Sometimes I mow when it is wet to keep up the schedule. I am a one man show and three days of rain could takes considerable time to catch up from and push the schedule around pretty bad upsetting the large amount of seniors I work for.
We are not so different!!:)

jbone
12-28-2006, 05:54 AM
my response to the water saturated grass is: Many of my customers have drainage problems and wont fix them. They complain their grass is too tall and needs to be cut right away(especially if it rained a lot and hasnr been cut in a while, and i usually dont even notice im tracking until its too late.

Mean Green Lawns
12-28-2006, 06:14 AM
I dont have a problemm with them mess and tall grass because I bag it all when it's like that for free. I dont mind doing it for them when it gets 6-10 "...

nobagger
12-28-2006, 07:07 AM
We are not so different, we have almost the same schedule as you. We usually mow for 30 weeks but in April we start our spring clean ups and start mowing in May.

MOW ED
12-28-2006, 08:04 AM
THIS IS MY QUESTION,.... (drum roll lol )
Why do I do everything different than all the competition seems to do things. The only way I have organized my business and season is by listening to the homeowners and nothing I do seems to fit the standard lawn service.

Why do most places start regular cutting in April? Should I Not be doing spring clean ups.. I did 40 this year and it took me a full 4 weeks...

Also Why do people cut right over leaves, mulching them right onto the yard adding tons of thatch every fall?
I wont even cut a yard if I see more than 95 % of the grass through the leaves unless they pay me to bag the lawn. It creates a mess and over time destroyes the lawn if not taken care of.

Why do so many places cut right through water saturated grass and leave black tire marks all over the lawn??? Whats that about?? Why not push everything up a day and let it dry out before you destroy someones yard?


Please help me cause I have a few ideas but I want some input..

There is nothing wrong with listening to the homeowner but in the grand scheme I have to do what is best for the business in order to survive. Some homeowners will beat you to death with requests that you will not make money on.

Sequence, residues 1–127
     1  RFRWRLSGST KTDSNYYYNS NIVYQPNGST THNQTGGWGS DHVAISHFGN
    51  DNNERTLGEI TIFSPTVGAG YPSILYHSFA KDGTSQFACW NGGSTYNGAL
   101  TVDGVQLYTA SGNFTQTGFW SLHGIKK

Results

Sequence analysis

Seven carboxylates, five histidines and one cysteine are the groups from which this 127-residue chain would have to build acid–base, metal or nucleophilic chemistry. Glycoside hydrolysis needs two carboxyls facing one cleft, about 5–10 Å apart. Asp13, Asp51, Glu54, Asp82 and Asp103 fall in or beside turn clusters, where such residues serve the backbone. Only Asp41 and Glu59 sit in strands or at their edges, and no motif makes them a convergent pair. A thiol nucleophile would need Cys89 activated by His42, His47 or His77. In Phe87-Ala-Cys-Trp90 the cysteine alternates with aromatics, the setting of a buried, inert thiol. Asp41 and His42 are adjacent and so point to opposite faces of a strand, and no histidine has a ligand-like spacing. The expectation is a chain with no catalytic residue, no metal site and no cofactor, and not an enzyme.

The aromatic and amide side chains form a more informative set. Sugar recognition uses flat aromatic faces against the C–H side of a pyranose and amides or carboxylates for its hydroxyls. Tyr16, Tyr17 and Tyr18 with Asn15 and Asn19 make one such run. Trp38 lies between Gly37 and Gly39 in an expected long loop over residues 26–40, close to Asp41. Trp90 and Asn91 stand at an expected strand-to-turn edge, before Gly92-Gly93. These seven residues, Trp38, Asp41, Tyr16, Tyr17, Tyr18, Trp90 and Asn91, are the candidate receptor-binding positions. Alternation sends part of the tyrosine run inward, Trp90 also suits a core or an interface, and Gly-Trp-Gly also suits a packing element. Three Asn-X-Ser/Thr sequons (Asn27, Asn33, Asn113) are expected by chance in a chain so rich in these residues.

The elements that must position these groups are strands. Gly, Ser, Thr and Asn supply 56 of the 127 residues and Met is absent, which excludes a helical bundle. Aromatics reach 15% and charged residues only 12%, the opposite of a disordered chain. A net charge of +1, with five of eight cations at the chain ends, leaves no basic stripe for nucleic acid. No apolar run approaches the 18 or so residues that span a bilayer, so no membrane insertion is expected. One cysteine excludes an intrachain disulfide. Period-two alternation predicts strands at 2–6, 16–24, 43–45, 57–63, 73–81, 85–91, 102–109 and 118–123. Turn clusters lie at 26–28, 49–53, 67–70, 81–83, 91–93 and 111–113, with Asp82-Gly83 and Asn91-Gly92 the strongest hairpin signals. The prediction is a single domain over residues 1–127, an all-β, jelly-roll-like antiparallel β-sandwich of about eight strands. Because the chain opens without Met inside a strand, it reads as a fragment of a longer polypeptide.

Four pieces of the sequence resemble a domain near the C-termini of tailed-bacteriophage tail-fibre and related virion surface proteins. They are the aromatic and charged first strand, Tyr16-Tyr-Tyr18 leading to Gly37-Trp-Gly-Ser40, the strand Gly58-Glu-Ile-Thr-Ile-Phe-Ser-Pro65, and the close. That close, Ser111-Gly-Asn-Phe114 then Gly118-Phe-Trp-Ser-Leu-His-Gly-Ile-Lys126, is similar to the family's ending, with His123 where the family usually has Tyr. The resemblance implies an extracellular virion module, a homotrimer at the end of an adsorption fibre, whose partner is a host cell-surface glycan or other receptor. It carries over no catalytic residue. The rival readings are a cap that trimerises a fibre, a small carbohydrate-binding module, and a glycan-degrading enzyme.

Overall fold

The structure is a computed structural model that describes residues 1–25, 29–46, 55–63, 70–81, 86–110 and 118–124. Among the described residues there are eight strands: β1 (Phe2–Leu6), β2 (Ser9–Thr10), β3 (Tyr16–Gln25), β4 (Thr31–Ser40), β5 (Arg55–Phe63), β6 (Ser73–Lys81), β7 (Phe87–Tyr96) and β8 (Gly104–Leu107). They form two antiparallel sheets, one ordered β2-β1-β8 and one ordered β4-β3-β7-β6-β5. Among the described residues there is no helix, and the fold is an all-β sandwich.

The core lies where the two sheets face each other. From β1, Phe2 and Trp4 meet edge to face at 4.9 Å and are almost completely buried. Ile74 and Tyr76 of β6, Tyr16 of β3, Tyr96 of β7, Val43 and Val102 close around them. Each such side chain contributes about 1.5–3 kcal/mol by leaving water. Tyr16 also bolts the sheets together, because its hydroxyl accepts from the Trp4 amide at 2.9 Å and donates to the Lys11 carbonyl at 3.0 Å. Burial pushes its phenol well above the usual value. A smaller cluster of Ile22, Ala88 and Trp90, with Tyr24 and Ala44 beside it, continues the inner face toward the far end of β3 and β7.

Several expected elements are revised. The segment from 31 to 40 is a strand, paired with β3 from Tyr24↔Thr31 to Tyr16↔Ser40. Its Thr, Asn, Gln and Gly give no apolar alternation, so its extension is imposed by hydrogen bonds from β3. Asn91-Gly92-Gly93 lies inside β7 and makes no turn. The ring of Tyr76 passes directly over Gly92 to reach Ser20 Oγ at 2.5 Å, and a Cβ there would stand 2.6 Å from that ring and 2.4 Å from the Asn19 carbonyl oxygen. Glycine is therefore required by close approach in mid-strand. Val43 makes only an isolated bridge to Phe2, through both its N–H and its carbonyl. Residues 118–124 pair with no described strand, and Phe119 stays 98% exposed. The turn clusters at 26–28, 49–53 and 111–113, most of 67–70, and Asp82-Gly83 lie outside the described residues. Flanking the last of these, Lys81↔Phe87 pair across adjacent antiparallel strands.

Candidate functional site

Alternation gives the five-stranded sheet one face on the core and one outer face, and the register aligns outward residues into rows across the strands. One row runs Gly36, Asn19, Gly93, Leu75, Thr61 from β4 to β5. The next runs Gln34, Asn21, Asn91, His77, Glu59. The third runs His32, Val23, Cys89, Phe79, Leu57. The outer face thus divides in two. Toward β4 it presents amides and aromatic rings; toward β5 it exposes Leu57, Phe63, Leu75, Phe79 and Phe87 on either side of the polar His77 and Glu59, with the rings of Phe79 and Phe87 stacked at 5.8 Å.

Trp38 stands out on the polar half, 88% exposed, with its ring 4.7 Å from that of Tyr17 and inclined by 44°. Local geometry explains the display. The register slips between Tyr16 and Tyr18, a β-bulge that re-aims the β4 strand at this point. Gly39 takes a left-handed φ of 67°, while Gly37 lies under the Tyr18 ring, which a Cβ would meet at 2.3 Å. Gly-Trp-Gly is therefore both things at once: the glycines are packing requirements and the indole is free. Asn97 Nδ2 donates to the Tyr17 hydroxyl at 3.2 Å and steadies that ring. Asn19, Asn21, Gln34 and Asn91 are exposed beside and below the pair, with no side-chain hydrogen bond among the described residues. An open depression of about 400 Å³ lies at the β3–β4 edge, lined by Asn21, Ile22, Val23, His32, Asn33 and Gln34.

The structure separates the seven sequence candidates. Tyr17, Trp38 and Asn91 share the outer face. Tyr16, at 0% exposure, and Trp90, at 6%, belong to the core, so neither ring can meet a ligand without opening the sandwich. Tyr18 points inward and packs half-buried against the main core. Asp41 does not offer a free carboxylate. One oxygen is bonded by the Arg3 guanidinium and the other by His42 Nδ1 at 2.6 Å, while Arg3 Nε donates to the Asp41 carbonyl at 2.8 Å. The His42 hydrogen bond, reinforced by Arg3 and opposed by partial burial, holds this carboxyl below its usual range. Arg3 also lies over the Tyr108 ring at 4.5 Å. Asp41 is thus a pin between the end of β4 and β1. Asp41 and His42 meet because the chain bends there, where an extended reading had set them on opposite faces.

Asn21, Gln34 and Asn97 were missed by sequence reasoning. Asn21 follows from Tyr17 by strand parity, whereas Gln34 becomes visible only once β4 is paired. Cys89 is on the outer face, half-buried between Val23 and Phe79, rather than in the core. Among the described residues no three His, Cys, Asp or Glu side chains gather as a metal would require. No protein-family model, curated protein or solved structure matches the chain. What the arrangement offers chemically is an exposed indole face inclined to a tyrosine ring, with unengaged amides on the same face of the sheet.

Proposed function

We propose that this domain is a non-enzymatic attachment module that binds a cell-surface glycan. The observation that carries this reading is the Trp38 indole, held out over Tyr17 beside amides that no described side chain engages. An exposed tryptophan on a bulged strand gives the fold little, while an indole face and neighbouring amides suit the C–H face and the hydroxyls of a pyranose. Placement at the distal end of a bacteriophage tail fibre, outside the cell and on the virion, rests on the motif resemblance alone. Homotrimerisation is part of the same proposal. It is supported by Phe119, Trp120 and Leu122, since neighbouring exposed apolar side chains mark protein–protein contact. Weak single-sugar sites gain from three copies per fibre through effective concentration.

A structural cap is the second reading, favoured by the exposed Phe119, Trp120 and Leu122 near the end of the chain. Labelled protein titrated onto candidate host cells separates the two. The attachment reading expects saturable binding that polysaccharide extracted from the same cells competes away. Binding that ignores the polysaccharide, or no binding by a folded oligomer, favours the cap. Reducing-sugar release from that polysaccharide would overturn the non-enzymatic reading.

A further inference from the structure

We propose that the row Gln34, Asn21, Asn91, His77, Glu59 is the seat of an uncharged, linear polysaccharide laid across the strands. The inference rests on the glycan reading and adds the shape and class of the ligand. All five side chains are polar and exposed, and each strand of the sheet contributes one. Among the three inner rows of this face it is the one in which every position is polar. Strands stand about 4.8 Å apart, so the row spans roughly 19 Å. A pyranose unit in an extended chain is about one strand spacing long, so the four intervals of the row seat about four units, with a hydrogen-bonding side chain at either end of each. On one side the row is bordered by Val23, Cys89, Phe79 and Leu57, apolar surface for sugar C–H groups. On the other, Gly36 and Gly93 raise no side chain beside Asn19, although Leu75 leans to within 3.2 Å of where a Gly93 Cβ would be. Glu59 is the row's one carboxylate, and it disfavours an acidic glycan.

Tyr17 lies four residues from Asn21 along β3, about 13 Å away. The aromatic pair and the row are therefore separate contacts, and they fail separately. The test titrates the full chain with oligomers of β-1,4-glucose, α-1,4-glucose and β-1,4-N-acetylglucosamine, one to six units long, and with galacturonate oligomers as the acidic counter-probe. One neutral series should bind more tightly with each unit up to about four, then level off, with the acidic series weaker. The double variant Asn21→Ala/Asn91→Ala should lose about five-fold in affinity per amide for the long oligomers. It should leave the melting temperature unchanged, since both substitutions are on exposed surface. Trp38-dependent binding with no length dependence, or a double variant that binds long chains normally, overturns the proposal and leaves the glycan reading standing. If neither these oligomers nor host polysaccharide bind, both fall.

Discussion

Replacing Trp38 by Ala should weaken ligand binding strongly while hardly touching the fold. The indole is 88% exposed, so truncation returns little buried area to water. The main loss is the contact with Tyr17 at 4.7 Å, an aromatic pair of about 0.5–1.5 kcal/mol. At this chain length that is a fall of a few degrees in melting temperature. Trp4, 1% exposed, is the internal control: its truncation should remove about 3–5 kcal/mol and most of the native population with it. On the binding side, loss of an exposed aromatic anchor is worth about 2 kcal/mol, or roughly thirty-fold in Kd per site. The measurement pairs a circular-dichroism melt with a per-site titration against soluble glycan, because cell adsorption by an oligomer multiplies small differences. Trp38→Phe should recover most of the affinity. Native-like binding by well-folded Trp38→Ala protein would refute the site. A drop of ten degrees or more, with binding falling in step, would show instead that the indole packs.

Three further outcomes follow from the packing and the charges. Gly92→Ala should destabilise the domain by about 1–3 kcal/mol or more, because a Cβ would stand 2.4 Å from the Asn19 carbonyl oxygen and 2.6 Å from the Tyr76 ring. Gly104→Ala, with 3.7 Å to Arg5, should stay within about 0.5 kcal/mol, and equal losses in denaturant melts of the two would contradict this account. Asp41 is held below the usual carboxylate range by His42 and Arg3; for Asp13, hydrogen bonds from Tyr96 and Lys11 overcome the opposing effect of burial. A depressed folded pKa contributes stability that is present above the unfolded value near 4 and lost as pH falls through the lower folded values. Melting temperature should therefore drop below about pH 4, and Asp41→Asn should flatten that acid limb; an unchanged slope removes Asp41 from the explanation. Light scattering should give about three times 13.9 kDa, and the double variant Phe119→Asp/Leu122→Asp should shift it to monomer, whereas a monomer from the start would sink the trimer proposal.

I do Spring Cleans every year and I could be busy the whole month of April also. This is by far a locational thing. I make 1/4 of my yearly revenue from cleans/dethatching so to not do them would be a major mistake. Mowing here begins late April/early May and by then I am done with cleans.

Now I will disagree with you about your philosophy on leaves. I have mulched leaves for years and when done properly it is a benefit to ALL parties including the environment. This is one area that you have to understand. There are dangers to mulching leaves but thatch introduction has not been one that I have seen and I mulch TONS of leaves. I will agree that if you do not manage the mulched leaves correctly you will have issues with turf health but properly done, mulching has been very beneficial to my customers lawns as well as my back and bottom line. A true thatch problem is one thing I have not noticed from mulching. Oak leaves have a greater acidity than maples. I will still mulch some oaks but if it gets thick I will bag the excess. Maples turn to dust and even the stems reduce. My winters are about the same as yours are and the leaves are biodegraded over the winter cycle. By spring there is no evidence of mulched leaves and the lawns are very healthy. An addition of fertilizer in the fall and spring also does help with breakdown in my experience but is not absolutely necessary. I understand your thinking to a point and I am not gonna say I am right and you are wrong but I used to think on your lines and I tried a different method and it worked for me. I used to dread leaf season but not it is a welcomed period for me. I can go on for paragraphs but I will "leave" it at that (sorry:laugh: )